Mental Health Special: Care of American Veterans, Depression, PTSD, SuicidePage 18 of 40

7. Healer, Heal Thyself

My wife Carlin and I walked tentatively into the nicely restored old building to attend the “family weekend.” Our son had been in treatment for a drug problem and we were there to learn and offer support. As part of the weekend experience, all family members were given questionnaires. One was a depression questionnaire. We dutifully filled it out and my wife scored “high” while I scored “low.” Carlin talked to a counselor, who suggested that Carlin might want to be evaluated for depression when we returned home.

Driving back, we talked, and it became clear that Carlin had been feeling depressed for some time. Once home, she saw a doctor, was evaluated, and subsequently put on anti-depressants. Her life and mine changed for the better. It was as if she had come out of a fog. Her joy returned and she became much more fun to be around.

A few months into her treatment, Carlin suggested that I might be depressed as well and suggested I see her doctor. I promptly refused.

“I’m not depressed,” I thought out loud. “If I were I’m sure I’d know it. I’m a therapist and I treat depression. I’d certainly recognize it in myself.”

“OK, it was just a suggestion,” she said. She gave me a gentle smile.

“Anyway,” I reminded her, “I took the depression quiz at the treatment center and I scored low.”

As far as I was concerned the case was closed. Nevertheless, disturbing thoughts would pop into my head. My father had suffered from manic-depressive illness all his life and had tried to commit suicide. I knew that the disease ran in families. Though I kept telling myself I was immune—God knows we therapists can be the most pig-headed people when our own mental health is questioned—still there were those doubts. Plus, I found I was often irritable, angry, preoccupied, and withdrawn. But that couldn’t be depression, could it?

I convinced myself that my irritability and anger were justified. “Who wouldn’t be upset with what I have to put up with?” I would argue. “I’m stressed out at work, the kids seem to go out of their way to get on my last remaining nerve, and my wife is going through menopause.”

Carlin received the brunt of my anger, which she fought to deflect. But what did she expect? If she’d just be nicer, more loving, more interested in sex, everything would be okay. It never occurred to me that my constant anger made it nearly impossible for her to be nicer, more loving, or more interested in sex.

More and more often I found I was having fantasies of running away from it all. I’d see myself getting in my car and just driving into the sunset. Other times I saw myself with another woman, someone who was kinder and gentler and who understood me—someone like Carlin used to be. Those thoughts both excited and scared me. I knew we couldn’t go on like this, but I had no idea what to do.

Finally, Carlin made the decision for me. “Look,” she told me directly, “we’re both miserable. If our marriage is going to survive, you’ve got to see someone.” Reluctantly, I made an appointment with the doctor she had seen. He did a complete evaluation and I was sure he would say I was a normal guy who had to deal with a lot of stress in his life. Instead, he told me I was suffering from depression and would benefit from treatment. I was shocked. I thanked him and was about to leave when he said something that hit me between the eyes.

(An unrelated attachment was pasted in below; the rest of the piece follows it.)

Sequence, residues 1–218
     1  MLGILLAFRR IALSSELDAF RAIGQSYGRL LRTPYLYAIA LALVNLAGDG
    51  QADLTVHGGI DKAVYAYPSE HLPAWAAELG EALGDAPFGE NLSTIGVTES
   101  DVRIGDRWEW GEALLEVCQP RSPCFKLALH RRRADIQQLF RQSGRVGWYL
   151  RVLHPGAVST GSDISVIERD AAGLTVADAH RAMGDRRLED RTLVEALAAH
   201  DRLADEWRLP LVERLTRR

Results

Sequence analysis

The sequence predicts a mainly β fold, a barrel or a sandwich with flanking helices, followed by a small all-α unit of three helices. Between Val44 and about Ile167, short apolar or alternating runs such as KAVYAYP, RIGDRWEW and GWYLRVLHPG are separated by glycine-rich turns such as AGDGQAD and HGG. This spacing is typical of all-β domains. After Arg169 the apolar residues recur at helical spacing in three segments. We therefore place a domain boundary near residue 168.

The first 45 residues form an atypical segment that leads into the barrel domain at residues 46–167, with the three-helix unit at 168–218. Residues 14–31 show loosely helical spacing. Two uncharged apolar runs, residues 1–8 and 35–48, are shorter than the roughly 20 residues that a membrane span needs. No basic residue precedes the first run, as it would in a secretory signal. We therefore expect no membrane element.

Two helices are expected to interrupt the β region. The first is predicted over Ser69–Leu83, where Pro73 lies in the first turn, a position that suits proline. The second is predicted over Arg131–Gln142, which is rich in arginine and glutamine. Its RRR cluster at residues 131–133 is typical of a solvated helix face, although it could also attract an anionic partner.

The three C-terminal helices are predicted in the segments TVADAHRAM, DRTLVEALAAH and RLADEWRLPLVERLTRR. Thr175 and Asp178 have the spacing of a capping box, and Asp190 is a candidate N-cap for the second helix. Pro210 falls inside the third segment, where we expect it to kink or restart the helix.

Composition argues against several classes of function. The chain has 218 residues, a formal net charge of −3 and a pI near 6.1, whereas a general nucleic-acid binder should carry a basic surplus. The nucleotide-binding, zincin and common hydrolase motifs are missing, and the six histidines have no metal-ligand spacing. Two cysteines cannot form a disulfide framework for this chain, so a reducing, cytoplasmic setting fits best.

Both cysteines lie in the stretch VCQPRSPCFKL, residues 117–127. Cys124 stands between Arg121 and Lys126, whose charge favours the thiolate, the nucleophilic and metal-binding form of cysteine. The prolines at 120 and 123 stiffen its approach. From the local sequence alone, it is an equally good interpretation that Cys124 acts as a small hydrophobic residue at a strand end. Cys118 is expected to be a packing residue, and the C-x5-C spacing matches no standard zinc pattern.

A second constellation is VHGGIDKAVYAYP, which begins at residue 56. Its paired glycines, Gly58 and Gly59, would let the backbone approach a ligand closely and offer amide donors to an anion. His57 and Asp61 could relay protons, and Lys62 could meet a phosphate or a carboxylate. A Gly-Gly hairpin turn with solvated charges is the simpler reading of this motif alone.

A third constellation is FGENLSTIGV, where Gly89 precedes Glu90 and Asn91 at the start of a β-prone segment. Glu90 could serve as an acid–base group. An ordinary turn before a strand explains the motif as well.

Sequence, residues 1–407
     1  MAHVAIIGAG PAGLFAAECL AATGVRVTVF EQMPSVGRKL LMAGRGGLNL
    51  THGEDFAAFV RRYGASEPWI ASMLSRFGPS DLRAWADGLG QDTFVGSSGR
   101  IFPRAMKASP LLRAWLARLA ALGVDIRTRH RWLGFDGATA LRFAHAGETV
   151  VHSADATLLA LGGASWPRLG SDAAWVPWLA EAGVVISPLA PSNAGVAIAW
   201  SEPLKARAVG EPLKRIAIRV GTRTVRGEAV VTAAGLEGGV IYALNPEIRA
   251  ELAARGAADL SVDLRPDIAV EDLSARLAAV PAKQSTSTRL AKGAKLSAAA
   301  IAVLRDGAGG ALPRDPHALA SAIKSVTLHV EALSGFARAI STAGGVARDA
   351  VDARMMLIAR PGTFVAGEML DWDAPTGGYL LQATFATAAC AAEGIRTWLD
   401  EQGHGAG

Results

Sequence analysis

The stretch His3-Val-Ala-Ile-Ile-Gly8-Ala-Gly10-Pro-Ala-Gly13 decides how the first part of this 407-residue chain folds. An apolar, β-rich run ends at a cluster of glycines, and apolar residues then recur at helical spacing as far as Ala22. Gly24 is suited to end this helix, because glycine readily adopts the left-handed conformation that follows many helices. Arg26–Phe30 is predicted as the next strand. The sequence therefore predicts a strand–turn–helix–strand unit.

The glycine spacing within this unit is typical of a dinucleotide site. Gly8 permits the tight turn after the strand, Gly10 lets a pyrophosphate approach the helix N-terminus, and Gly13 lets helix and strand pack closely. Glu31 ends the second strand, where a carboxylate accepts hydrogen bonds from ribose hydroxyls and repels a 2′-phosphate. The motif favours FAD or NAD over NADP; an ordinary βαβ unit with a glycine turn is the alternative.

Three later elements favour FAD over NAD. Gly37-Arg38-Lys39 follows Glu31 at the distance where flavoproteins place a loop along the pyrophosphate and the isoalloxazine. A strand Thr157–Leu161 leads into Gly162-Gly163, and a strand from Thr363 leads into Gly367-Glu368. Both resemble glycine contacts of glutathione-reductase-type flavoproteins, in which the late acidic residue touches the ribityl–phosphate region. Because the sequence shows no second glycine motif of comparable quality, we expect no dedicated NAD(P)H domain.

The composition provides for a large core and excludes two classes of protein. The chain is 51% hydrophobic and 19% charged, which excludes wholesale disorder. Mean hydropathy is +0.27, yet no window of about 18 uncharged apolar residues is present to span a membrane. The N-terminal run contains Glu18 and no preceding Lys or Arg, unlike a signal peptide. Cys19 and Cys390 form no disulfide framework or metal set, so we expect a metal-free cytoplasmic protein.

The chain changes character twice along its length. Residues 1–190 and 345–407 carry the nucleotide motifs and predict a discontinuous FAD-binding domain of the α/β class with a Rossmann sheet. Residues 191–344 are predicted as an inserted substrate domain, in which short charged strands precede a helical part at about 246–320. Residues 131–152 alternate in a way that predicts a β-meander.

“You need to be aware that men often experience depression differently than women, and highly successful and intellectual men, in particular, often deny that they are depressed.”

When I got home Carlin was anxious to hear the results. I told her what the doctor had said and she seemed relieved. I told her I wanted a second opinion. She blew up. “You want a second opinion? I’ll give you a second opinion. You’re depressed and you need treatment just as I did. It helped me and it will help you.” She turned and walked out of the room.

I didn’t want to believe I was depressed. It just didn’t fit with my view of myself. And it didn’t fit with what I knew were the symptoms of depression. My mood wasn’t depressed most of the time. I hadn’t lost interest in my work or activities I loved. I slept fine and my energy was OK. I didn’t feel worthless and I didn’t think of killing myself.

I did decide to see another doctor. Even though I liked this one much better than the first, she told me essentially the same thing as doctor number one. She also explained that men who are depressed are often hypersensitive, irritable, and angry. She gave me a book to read by a world-renowned psychologist, Kay Redfield Jamison. In An Unquiet Mind: A Memoir of Moods and Madness (1997), Jamison described depression in a way that cut to my core. “You’re irritable and paranoid and humorless and lifeless and critical and demanding, and no reassurance is ever enough. You’re frightened, and you’re frightening, and ‘you’re not at all like yourself but will be soon,’ but you know you won’t.”

I could no longer deny the truth. I was dealing with depression. I agreed to begin therapy as well as to try medications. I found that my life turned around. I wasn’t so hypersensitive. Little things didn’t bother me as much. I wasn’t so reactive and I felt less irritable. As Carlin described it, “You used to look at me in a way that chilled me. Your eyes were narrow and beady. Now when you look at me I feel your love. It’s wonderful.”

It was partly the result of these experiences, which took place a number of years ago, that I came to see that men generally experience depression differently from women. It also convinced me that the evaluation tools currently used to diagnose depression were inadequate to assess depression in many men. I committed myself to finding out how we could do a better job in evaluating depression in men.

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